Top 5 recent errors in the media | The Knife Media




(The Knife Media) Many of us rely on media outlets to stay informed about the world. What happens when those outlets make mistakes? For one, the mistakes can misinform. They can also further media bias, moving us away from objective facts.  


Our Top 5 list this week includes inaccuracies about a journalist, fact-checking Donald Trump and various international relations.


1. CNN


South Korea seizes second North Korean ship amid sanctions row




Dec. 31: CNN changed the above headline to “South Korea seizes second ship amid North Korea sanctions row,” and posted the following, “Correction: The headline on this story has been changed to reflect that the seized ship is not a North Korean-flagged vessel. It is Panamanian flagged.”


Why does it matter? The potential implications of South Korea seizing a North Korean ship may be greater than seizing a Panamanian ship that’s suspected of illicit trading with North Korea.


2. Breitbart


Jake Tapper claimed he came from the middle class.




Dec. 27: According to Breitbart, CNN anchor Jake Tapper claimed during an interview that he grew up as part of the middle class. Yet a transcript of that interview shows Tapper didn’t actually make this claim. He said he grew up in a “similar neighborhood” to Scaramucci’s, which Breitbart reported was “blue collar.” Tapper later tweeted that he lived part time with his mom in a neighborhood that was “working class,” and since his father was a doctor, they were never left “wanting.”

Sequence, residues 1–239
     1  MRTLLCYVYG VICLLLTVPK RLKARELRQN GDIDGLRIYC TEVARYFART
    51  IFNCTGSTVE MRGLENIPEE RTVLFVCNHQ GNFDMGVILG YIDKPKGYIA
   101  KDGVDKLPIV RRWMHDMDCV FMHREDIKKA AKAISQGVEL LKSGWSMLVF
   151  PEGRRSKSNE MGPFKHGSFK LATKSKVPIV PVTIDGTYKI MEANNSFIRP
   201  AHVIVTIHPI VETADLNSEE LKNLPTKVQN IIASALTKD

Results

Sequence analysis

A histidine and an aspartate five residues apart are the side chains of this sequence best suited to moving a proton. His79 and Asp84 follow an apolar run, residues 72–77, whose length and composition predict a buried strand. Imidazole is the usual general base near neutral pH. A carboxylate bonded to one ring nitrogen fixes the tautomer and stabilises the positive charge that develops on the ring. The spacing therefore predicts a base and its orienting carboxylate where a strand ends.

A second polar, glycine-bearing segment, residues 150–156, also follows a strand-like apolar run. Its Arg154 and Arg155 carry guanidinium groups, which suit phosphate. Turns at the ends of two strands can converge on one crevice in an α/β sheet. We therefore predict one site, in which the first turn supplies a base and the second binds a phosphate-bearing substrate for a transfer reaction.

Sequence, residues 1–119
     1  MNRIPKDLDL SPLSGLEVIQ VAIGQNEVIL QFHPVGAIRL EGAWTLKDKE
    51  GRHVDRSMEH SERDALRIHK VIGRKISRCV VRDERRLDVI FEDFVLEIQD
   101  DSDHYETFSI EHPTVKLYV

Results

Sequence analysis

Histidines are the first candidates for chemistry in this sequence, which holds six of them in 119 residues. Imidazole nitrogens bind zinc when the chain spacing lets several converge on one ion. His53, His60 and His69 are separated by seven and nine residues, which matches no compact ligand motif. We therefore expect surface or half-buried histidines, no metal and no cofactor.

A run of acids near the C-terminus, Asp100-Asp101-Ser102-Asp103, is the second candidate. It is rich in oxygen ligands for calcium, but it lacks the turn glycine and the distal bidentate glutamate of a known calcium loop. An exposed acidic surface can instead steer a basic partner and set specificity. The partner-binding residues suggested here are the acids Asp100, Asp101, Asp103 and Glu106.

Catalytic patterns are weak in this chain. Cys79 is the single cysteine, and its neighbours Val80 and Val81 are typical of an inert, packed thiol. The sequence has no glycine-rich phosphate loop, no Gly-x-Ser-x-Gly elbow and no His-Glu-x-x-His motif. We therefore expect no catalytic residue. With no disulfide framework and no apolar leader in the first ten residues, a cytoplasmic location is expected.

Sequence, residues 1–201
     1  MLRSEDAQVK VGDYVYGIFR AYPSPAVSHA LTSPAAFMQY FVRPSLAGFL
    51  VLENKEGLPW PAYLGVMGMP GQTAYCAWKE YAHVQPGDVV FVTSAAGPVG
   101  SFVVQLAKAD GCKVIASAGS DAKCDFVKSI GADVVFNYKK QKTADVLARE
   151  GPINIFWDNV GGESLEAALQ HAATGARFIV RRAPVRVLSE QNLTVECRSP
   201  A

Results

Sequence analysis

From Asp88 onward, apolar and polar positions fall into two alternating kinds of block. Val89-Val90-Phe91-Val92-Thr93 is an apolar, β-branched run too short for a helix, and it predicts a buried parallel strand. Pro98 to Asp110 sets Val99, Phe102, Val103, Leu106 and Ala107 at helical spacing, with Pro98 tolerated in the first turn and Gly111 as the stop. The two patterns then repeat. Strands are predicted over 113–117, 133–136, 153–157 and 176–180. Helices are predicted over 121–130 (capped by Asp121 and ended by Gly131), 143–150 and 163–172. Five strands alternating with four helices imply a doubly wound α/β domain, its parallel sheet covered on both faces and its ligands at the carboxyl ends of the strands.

Why does it matter? Breitbart’s claim that Tapper falsely represented himself furthers its slant that his network, CNN, is “very fake news.”


3. Anadolu Agency


In a statement indicating its visa services in Turkey had been fully restored, the U.S. State Department claimed that Turkey had reassured U.S. officials that local employees would not be subjected to additional scrutiny.




Dec. 28: The U.S. State Department suspended visa services in Turkey in October after two of its local employees were arrested there. The U.S. statement on restoring visa services didn’t mention the assurances Anadolu reported. It mentions assurances that no employees are currently being investigated, and that the U.S. would be informed before the arrest or detainment of any of its local employees in the future, not that they wouldn’t “be subject to additional scrutiny.”


Why does it matter? This inaccuracy could suggest the U.S. only reinstated visa services after receiving some special dispensation by the Turkish government, which may portray it as acting above the law.


(To read the full list, click here)


Written by Sean Sweeney and Lisa Reider


Edited by Ivy NevaresJens Erik Gould and Rosa Laura Junco


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